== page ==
I've drawn to them partly out from necessity. Being someone who has lived in New York City my entire adult life, there was never a hope for me to stay in the city I loved and be in a big space, but I do think a small space gives you a lot of advantages. I find what happens is that in a small space you can choose to live only with things that you love. If you only have room for one set of plates, maybe you ditch the leftover from your post-college first apartment that you got at the big blue Swedish retailer and have one really nice set you use daily. There’s something about being in a small space that lets you really do these things that are exactly how you want them. In the book, Jacqueline Schmidt’s home is a really good example—she lives in a really small space but everything is exactly what she wanted (From the book: Reading a Terence Conran book one day, Jacqueline came across a passage that asked what would be left if you were to take everything out of your home, put it on your lawn, and only bring in what you needed.)


Laura’s book was released on April 7 at a time when every person featured in the book was currently sheltering in place.


If I had to be quarantined in one of the places from your book (besides your own home), where would you be?

I might have to pick Shavonda Gardner’s in Sacramento, California, partially just for the mild weather. Plus, I’ve been enviously watching her build a deck and vegetable garden over Instagram. Also, Shira Gill, the professional organizer, is so nimble with her home. Between the time I first approached her when we shot it and now today, I think her family has shuffled their bedrooms three times, so her attitude towards home being very flexible was ahead of the rest of us who are changing things up now. Now’s the time to fix the things in your house that are bothering you.




Vintage Disney + Documentaries

We actually didn’t used to watch a lot of TV on a TV. Our son’s video time was pretty limited to when we would resort to using it as a distraction while waiting somewhere. Now, I’m more inclined to turn on a movie like Robin Hood, Cinderella, or The Sword and the Stone, that we can talk about and engage over, rather than leave him in his own world of Paw Patrol. It feels like more of a net positive. For the adults, I watched Hockney and loved seeing a glimpse into the art world of the 1960s/70s. Right now a documentary feels like it's expanding my world, when things can feel very narrow.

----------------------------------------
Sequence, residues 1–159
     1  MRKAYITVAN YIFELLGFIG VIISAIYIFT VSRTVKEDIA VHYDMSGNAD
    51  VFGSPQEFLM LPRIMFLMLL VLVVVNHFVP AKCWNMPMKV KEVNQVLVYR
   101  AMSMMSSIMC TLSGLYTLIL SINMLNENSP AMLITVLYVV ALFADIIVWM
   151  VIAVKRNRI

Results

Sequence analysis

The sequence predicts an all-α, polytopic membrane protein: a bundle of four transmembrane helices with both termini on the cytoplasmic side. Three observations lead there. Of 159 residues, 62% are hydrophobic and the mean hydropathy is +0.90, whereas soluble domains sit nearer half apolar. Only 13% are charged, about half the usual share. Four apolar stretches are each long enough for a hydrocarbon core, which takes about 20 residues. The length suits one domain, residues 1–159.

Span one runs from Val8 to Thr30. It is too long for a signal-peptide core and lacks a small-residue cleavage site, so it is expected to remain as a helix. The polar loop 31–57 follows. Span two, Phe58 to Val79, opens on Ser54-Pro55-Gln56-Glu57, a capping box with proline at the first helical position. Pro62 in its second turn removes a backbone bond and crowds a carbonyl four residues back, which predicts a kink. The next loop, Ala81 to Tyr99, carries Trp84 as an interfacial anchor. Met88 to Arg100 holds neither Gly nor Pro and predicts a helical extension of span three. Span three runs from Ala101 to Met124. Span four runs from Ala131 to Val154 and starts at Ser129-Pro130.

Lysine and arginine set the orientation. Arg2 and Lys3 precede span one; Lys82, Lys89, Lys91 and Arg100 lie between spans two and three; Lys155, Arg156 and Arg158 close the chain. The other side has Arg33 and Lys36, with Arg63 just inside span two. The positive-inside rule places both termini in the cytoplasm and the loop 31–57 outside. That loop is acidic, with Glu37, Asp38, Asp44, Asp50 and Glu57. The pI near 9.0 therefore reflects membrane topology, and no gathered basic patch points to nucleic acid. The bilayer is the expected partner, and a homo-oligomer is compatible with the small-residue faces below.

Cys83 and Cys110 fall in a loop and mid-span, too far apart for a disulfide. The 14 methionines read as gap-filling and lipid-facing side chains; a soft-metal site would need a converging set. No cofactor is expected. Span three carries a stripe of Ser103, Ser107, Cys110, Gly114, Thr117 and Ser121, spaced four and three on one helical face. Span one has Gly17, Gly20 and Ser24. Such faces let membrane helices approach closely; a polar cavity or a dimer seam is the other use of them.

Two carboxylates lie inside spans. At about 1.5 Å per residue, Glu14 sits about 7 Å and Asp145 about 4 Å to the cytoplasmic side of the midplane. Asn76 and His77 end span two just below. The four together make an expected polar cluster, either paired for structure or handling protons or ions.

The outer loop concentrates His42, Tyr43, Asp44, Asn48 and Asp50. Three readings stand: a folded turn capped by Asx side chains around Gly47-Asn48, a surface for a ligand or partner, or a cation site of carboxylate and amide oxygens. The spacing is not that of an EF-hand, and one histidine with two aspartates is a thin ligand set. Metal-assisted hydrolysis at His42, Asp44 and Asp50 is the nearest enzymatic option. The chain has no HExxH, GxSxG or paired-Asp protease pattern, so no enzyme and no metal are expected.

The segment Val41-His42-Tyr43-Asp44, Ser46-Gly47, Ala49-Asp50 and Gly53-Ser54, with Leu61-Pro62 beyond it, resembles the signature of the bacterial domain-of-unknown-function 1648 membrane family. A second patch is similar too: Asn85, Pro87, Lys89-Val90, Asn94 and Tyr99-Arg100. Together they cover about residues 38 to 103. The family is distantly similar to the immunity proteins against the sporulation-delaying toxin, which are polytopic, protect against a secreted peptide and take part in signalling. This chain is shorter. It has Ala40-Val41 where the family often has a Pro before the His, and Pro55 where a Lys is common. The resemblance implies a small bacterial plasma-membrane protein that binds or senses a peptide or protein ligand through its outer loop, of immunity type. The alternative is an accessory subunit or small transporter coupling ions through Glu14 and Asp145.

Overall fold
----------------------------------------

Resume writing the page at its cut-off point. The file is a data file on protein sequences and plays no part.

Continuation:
It’s kind of funny, I resubscribed to a whole bunch of magazines. Over the years I let my subscriptions lapse because we were leading busy lives as young parents and the stacks sort of piled up around our home. But now having Architectural Digest in my mailbox is like a little treat every month. So, yes please, print media, I’m coming back!


Laura loves how Glenn Ban’s home (featured in the book) elevates the everyday: kitchen storage and the shoes-off spot are moments to highlight—not hide. According to Laura, “your small space can be a white-walled shrine to minimalism or a cozy den of personal treasures.” 



A Thing or Two with Claire and Erica
Listening to them fills in for that coworker/office catchup socializing. Hearing two other like-minded women talk about these sort of inconsequential design finds and discoveries, feels like a breath of fresh hair during this time.



Cool Beans
I’m crazy for this cookbook. We’ve made like 15 recipes from it so far and it’s been such a lifeline. We are mostly vegetarian and so many of his recipes rely on pantry staples, which is great for this time when you aren’t dashing out to the grocery store every couple of days. I’ll have to repay the Queens library for this copy that I checked out because it’s now splattered with curry paste and olive oil and not in any shape to go back when they reopen.


Simple Cake by Odette Williams